Send to:

Choose Destination
See comment in PubMed Commons below
Diabetes. 2002 May;51(5):1437-42.

Prolonged exposure to free fatty acids has cytostatic and pro-apoptotic effects on human pancreatic islets: evidence that beta-cell death is caspase mediated, partially dependent on ceramide pathway, and Bcl-2 regulated.

Author information

  • 1Department of Endocrinology and Metabolism, University of Pisa, Pisa, Italy.


In an effort to better understand the phenomenon of lipotoxicity in human beta-cells, we evaluated the effects of 48-h preculture with 1.0 or 2.0 mmol/l free fatty acid (FFA) (2:1 oleate to palmitate) on the function and survival of isolated human islets and investigated some of the possible mechanisms. Compared with control islets, triglyceride content was significantly increased and insulin content and glucose-stimulated insulin release were significantly reduced in islets precultured with increased FFA concentrations. These changes were accompanied by a significant reduction of glucose utilization and oxidation. By cell death detection techniques, it was observed that exposure to FFAs induced a significant increase of the amount of dead cells. Electron microscopy showed the involvement of beta-cells, with morphological appearance compatible with the presence of apoptotic phenomena. FFA-induced islet cell death was blocked by inhibition of upstream caspases and partially prevented by inhibiton of ceramide synthesis or serine protease activity, whereas inhibition of nitric oxide synthesis had no effect. RT-PCR studies revealed no major change of iNOS and Bax mRNA expression and a marked decrease of Bcl-2 mRNA expression in the islets cultured with FFA. Thus, prolonged exposure to FFAs has cytostatic and pro-apoptotic effects on human pancreatic beta-cells. The cytostatic action is likely to be due to the FFA-induced reduction of intraislet glucose metabolism, and the proapoptotic effects are mostly caspase mediated, partially dependent on ceramide pathway, and possibly Bcl-2 regulated.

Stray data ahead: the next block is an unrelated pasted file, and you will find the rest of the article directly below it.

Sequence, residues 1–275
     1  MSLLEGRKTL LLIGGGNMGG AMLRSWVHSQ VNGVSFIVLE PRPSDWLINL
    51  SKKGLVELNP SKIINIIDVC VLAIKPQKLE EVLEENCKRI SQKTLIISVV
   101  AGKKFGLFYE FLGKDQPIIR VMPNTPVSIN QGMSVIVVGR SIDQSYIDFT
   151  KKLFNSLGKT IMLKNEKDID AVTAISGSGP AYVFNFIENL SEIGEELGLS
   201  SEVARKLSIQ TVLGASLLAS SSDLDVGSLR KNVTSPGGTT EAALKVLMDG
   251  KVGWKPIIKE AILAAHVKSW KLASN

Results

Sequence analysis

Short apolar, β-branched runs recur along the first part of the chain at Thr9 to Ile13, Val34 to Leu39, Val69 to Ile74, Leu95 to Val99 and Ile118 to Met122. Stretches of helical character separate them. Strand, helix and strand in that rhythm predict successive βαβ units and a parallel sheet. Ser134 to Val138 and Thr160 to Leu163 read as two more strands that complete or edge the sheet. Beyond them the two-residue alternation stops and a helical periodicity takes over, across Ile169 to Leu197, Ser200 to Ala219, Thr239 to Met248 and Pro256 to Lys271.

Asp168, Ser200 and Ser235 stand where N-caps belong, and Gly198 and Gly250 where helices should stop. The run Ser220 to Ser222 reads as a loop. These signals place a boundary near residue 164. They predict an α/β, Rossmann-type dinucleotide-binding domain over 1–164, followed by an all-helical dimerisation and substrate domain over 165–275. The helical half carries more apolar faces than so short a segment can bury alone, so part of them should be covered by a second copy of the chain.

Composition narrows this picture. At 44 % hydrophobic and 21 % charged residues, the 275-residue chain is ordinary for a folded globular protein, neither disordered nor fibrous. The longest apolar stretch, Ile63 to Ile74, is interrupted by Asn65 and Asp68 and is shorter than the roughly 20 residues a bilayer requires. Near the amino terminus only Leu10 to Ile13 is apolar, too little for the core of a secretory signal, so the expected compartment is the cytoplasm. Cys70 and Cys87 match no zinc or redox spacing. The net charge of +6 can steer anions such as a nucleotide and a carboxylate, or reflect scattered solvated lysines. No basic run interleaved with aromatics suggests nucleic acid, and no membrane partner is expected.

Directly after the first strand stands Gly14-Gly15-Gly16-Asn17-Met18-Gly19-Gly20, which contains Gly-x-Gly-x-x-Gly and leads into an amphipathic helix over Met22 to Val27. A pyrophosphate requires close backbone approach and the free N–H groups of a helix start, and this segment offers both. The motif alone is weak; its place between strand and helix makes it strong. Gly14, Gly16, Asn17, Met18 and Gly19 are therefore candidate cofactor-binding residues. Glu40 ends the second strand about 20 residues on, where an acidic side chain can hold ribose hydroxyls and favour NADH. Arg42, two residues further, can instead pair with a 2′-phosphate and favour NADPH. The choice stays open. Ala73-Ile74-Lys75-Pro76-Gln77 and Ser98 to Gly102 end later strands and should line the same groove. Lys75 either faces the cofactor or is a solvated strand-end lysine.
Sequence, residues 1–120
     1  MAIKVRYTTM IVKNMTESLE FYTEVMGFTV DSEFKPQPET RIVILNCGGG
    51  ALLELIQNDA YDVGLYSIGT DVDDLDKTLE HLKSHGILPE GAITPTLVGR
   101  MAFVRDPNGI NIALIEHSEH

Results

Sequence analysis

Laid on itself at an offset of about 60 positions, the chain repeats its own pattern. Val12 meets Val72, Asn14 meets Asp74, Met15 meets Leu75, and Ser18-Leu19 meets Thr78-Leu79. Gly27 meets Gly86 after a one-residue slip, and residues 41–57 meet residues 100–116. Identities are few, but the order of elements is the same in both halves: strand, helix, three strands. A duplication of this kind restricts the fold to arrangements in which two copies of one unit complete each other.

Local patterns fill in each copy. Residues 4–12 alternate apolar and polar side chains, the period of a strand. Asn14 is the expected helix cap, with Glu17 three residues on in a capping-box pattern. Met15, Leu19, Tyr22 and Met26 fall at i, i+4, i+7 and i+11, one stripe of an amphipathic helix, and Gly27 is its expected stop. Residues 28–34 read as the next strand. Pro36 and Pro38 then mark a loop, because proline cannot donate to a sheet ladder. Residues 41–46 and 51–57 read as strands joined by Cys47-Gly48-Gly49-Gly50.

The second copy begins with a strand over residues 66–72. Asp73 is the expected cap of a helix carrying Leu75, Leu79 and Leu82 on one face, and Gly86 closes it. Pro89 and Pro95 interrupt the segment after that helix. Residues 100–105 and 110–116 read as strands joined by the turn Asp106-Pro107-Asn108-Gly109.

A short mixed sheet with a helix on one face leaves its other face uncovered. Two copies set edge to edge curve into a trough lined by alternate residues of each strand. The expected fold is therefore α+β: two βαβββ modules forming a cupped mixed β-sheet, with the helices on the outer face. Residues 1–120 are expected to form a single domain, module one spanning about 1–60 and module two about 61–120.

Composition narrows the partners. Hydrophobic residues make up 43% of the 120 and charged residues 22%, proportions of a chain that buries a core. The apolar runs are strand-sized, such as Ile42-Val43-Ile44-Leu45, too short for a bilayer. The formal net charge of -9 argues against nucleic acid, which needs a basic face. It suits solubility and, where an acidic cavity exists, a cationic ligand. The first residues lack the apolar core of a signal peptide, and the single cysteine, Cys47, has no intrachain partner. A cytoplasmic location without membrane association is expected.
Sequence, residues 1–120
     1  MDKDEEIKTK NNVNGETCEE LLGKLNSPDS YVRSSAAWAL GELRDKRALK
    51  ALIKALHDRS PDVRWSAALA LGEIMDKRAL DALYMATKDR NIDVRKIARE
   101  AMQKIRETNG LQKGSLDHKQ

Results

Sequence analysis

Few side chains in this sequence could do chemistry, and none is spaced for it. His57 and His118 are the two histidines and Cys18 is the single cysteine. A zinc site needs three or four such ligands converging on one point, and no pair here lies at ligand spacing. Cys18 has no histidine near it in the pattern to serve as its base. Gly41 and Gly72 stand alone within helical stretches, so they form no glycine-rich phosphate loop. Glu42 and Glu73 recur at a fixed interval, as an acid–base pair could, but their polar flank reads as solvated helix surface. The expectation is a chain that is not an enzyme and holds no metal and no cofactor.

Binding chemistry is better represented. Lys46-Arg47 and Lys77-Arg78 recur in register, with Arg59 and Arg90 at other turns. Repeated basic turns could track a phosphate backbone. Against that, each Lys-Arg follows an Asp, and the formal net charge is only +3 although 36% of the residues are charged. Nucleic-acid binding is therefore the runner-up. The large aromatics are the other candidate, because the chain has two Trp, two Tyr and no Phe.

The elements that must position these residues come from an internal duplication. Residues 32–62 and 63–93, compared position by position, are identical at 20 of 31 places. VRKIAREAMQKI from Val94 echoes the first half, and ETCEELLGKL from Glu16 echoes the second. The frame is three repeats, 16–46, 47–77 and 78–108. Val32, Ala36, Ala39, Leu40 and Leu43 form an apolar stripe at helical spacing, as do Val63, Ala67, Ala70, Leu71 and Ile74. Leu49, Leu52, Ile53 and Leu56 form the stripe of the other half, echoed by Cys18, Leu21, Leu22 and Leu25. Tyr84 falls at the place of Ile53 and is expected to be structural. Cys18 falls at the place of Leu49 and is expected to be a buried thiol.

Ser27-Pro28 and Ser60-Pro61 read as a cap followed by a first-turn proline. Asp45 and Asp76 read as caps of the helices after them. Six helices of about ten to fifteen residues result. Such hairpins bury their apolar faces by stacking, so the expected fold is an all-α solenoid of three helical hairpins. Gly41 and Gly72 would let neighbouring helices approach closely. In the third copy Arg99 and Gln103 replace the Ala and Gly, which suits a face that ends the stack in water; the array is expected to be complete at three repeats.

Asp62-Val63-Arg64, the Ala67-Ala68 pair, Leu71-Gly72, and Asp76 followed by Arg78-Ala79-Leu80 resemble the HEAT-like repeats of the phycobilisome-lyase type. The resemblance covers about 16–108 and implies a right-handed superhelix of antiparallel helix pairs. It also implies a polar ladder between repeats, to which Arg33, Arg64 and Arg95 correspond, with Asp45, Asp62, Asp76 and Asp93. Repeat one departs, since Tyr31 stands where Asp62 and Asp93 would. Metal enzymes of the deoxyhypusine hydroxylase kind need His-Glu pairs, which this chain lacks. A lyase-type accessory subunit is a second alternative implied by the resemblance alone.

[PubMed - indexed for MEDLINE]
Free full text
PubMed Commons home

PubMed Commons

How to join PubMed Commons

    Supplemental Content

    Full text links

    Icon for HighWire
    Loading ...
    Write to the Help Desk